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Sanibel fights back against Army Corps pulse releases

By Staff | Jul 21, 2010

During Tuesday’s City Council meeting, Vice Mayor Mick Denham and councilman Jim Jennings spoke out against the high-volume water release currently under way from Lake Okeechobee. The release was authorized by the U.S. Army Corps of Engineers (USACE) and initiated on July 11.

Only July 9, the city was notified by the USACE of their decision to begin a 12-day pulse release from Lake Okeechobee to the Caloosahatchee and St. Lucie estuaries.

"The target flow to the west is an average flow of 4,000 cfs over the 12-day period. measured at S-77 (Moore Haven Lock and Dam)," an e-mail from Lake Okeechobee basin manager Luis Alejandro of the USACE. "The target flow to the east is an average flow of 1,800 cfs over the 12-day period, measured at S-80 (St. Lucie Lock and Dam)."

According to the city’s Natural Resource Department director Dr. Rob Loflin, the current release is approximately 30 percent greater than the "normal" pulse releases conducted in the past. He added that the amount of discharge being released by the USACE is "not justified."

During rainy season, when the water level of Lake Okeechobee reaches 14 feet up to 15.5 feet, the USACE and the South Florida Water Management District (SFWMD) lowers the capacity of the lake through releases both east and west. However, the greater releases sent westward of the lake triggers damage throughout the Caloosahatchee, as the nutrient-rich water spurs harmful algal growth. Damages also includes killing sea grass beds throughout the bays and estuaries located in Southwest Florida.

Denham, one of the city’s leading in the fight against high-volume pulse releases from the lake, again bemoaned the water management practices employed by the USACE and SFWMD.

"This community has to get excited about this because of the damages to our beaches and wildlife," he said, noting that the city will continue to move forward with the smalltooth sawfish lawsuit, created as a means to prevent future pulse releases. "We’re going to take this as far as we can."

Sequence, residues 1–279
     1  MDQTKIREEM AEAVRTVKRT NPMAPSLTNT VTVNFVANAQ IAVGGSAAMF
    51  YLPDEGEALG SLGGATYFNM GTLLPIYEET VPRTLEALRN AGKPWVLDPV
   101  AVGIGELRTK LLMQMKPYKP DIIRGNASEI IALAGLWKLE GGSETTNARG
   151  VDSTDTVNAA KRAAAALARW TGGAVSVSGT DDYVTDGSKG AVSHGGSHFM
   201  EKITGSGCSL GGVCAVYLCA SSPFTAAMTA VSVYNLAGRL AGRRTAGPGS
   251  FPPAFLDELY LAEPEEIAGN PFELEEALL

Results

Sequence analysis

Denham explained that he feels both agencies may be biased against Southwest Florida’s fishing industry because the state’s agricultural industry — located to the east of Lake Okeechobee — have powerful lobbyists working on their behalf to protect their interests.

Jennings also spoke about a letter he wrote on the city’s behalf to both Congressman Connie Mack and Senator Bill Nelson, which pleaded for the end of pulse releases.

"We know from experience we will be subject to algae blooms if these intolerable release levels continue," his letter reds, in part. " Our estuaries are fragile. The estuaries of Southwest Florida were devastated four years ago when 85 percent of local sea grasses were killed from Lake Okeechobee releases. Our estuaries will not recover for decades."

Jennings also stated that the USACE may have "pushed the panic button" in implementing the current release.

Fellow councilman Peter Pappas agreed that the concerns of Southwest Florida appear to have been ignored.

"Right now, there’s no flow way to the south (of Lake Okeechobee)," he said. "What it comes down to is the power of the east coast versus the west coast."

In the past, the SFWMD agreed to develop a plan for storing excess water capacity from the lake during rainy season. Although a five-year plan had been introduced in 2004 — following Hurricane Charley —no action to develop such facilities have been moved forward.


Jennings’ letter to Mack and Nelson also stated, "Since there is no tropical weather in the forecast, no rise in lake levels, and no expectation of any exceptional south Florida rain events, we don’t see the need for the Corps to panic and release so much water that severely damages estuaries on both coasts. The current 12-day pulse release schedule is not justified and represents a a bad water management decision."


Dr. Loflin added that at a meeting conducted on Tuesday, there appeared to be "a good chance" that lake releases would be reduced to a lower discharge rate. However, he also said, "The damage has already been done."